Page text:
Economically speaking, things have never been this bad in the dairy industry and even the experts are at a loss as to when things will start turning around.
Or how many farms will be lost.
In many respects, said Dave Balbian, regional dairy marketing specialist for Cornell Cooperative Extension, the squeeze is a reflection of what’s going on in the national and global economies.
Credit is tight, equity—cows and real estate—is worth less, and the cost of feed and fuel are higher than normal.
The difference is that you can’t turn cows “off,” Mr. Balbian said, even when you’re getting paid an average of $12 for a hundred pounds of milk—milk that you need to be getting $17 for just to break even.
“People are doing what they can, but for most, it means no capital investments, stuff’s not getting replaced.
“The cost of production is just well below what people need to survive.”
The “why” behind the poor prices is almost a reverse of what happened in 2007 and early ’08, Mr. Balbian said.
At that time, the international and US economies were booming, dairy exports were at a record high, and severe droughts in New Zealand and Australia cut milk production there.
As a consequence, many farms had money to invest—and production ramped up.
Now, much of the world economy is in a shambles, Mr. Balbian said and New Zealand and Australia are making milk again, and though they’re down from where they were, fuel and feed prices are still at historic highs.
“Some people have gone out of business because they can’t get the credit they need,” Mr. Balbian said.
“Others who were in a strong enough financial position to pre-pay some things like crop expenses or feed, pretty soon that will be used up—and the credit won’t be there.
“People are comparing this to the Great Depression and it’s accurate. Long-term…I don’t know.”
If there’s any silver lining, Mr. Balbian said, it’s that if someone wants to go into dairy farming, cows are half as expensive as they were a year and a half ago and real estate is less expensive as well.
“”I’ve worked with a few people who still want to farm,” he said. “For someone in the right situation—maybe a small farm with off-farm economy, where the land has been in the family for years and just hasn’t had cows on it, it could be an opportunity.”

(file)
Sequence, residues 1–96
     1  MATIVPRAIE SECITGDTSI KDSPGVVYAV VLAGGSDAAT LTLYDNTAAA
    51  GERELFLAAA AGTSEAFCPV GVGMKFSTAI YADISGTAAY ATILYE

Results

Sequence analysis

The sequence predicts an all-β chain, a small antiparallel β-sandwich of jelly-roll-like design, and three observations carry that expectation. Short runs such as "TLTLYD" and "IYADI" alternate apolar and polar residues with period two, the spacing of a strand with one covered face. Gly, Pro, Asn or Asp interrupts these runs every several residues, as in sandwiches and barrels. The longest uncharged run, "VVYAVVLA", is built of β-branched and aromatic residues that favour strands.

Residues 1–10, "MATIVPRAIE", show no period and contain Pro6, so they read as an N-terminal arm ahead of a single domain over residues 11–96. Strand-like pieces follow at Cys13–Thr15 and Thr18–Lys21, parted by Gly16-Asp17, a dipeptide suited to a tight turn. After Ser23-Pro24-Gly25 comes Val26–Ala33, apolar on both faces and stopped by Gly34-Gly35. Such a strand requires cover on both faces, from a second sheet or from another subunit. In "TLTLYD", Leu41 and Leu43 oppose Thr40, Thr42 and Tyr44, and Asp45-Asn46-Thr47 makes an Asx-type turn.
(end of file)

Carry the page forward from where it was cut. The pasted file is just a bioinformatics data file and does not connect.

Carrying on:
Though an uncertain one.
Mr. Balbian said dairy economists have been predicting a mid-year milk price of $15-$16 per hundred pounds—still below the cost of production—but now they’re saying that will come later rather than sooner.
“And no one’s talking about 2010,” he said.
Schoharie County Agricultural Marketing Specialist Michele Strobeck pointed out the dairy pricing system is difficult for consumers to understand—especially when they’ve seen very little change in what they pay for milk in the store.
According to data released from State Ag & Markets, she said, consumer prices have dropped 19 percent; farmers’ 52 percent.
“Farmers are currently being paid less than $1 for each gallon of milk, while it costs them $2 to produce it,” Ms. Strobeck explained.
In May. Schoharie County’s Board of Supervisors passed a resolution supporting te Specter-Casey Senate Bill, also called the Market Improvement Act of 2009, as the only proposed legislation addressing the core issues facing the industry.
“Farmers aren’t looking for a government bailout or additional subsidies, but they are asking for the federal government’s assistance to establish a fair market value for their product based on the cost of production,” Ms. Strobeck said.
Supporters can contact Secretary of Agriculture Tom Vilsack by going to www,farmaid.org and clicking on the link, “Take Action Now.”
But not everyone’s supporting it.
Cobleskill dairyman and former Farm Bureau director John Radliff said the bill’s so faulty that not even Senator Arlen Specter is pushing it.
“Nor is Farm Bureau,” he said. “We have policy in opposition to some parts of it, so we can’t support it.”
Mr. Radlfiff said he’s afraid the bill would in effect create a quota system that would tell producers how much milk they can make.
“I’m sure not going to give away my independence,” he said. “I’m totally opposed to the federal government telling me what I can produce.
“And when was the last time the government ever fixed anything?”